• Stomach pain with any of the following symptoms:
    • Fever
    • Repeated vomiting
    • Significant or bloody diarrhea
    • The child is difficult to rouse and has no interest in eating or drinking
    • Seizures or fainting
    • Distended abdomen

When to call 911:

  • Not moving or too weak to stand
  • Actively vomiting blood


When an animal or insect bites your child, it can be scary. While many bites are minor and can be treated at home, depending on what type of animal or insect bit your child, and where the bite occurred, emergency treatment may be necessary.

Children are bitten by dogs, cats and other pets much more commonly than adults. Young children are also at risk of bites from other children. If your child is bitten, you may need to seek emergency care in the following situations:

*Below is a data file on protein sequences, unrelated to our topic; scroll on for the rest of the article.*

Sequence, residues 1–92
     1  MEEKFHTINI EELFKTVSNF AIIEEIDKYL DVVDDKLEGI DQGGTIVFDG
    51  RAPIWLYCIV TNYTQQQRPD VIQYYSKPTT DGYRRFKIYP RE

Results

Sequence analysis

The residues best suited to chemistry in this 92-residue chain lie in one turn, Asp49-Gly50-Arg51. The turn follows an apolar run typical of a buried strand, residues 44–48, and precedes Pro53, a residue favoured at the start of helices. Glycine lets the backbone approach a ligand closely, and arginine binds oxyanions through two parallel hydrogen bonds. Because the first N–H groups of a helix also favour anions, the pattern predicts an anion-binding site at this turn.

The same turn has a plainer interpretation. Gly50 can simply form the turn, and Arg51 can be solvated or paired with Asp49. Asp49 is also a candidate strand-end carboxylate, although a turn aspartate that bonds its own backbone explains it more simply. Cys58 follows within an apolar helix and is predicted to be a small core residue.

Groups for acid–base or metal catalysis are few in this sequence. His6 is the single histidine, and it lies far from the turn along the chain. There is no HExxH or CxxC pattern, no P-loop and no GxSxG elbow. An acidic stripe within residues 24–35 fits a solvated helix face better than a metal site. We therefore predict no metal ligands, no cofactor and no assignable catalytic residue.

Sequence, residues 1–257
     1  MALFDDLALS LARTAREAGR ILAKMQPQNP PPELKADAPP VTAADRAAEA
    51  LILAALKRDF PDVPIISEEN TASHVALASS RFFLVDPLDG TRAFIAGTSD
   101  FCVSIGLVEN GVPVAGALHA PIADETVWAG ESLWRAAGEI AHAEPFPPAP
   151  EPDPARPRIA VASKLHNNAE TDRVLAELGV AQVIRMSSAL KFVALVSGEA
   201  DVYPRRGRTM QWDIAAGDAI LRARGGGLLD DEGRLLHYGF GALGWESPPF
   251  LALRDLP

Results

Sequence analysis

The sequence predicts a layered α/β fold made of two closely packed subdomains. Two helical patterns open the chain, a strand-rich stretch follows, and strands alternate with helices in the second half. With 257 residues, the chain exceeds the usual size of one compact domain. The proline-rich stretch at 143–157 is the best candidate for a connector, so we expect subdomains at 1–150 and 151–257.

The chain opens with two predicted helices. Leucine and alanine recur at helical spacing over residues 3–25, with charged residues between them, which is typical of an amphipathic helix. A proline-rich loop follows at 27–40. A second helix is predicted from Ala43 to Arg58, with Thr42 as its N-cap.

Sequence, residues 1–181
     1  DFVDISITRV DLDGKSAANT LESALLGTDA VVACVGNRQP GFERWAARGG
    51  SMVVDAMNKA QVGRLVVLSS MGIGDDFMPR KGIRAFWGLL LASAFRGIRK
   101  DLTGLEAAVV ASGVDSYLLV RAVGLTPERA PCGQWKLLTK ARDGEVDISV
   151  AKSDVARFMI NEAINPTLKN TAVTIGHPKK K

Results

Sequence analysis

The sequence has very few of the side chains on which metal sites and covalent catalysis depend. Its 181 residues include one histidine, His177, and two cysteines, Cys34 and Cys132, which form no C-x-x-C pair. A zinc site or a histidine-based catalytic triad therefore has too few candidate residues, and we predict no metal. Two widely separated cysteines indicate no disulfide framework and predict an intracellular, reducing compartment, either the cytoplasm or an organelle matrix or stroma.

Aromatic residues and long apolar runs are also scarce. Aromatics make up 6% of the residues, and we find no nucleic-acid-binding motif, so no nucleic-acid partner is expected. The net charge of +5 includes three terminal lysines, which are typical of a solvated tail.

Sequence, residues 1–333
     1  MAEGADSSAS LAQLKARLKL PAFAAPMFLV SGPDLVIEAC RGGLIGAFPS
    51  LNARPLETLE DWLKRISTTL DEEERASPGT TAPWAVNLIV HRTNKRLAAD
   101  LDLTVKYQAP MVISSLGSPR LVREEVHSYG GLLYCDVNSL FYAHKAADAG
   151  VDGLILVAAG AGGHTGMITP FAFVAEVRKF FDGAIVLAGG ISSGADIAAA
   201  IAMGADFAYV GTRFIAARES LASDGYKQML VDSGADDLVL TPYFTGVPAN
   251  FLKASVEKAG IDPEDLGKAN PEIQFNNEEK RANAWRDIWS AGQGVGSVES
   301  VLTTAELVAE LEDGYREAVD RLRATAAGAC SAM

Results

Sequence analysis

• Bites in the hand, face or jointsIf your child is bitten in the face, hands or joint, they may be at risk of underlying damage and infection.
  • Rabies or tetanus risk—If your child is bitten by a wild or feral (a domestic animal that has gone wild) animal or by livestock, he or she may be at risk of rabies or tetanus. Follow-up shots may be necessary.
  • Viral transmission risk—If a bite from another child breaks the skin, viruses can be transmitted. You should always have a human bite checked by a pediatrician.
  • Cat or dog bites/scratches—A bite or scratch from a cat can easily become infected, particularly if it happens near a joint or on the hand. Your child will typically need to take antibiotics following a cat bite.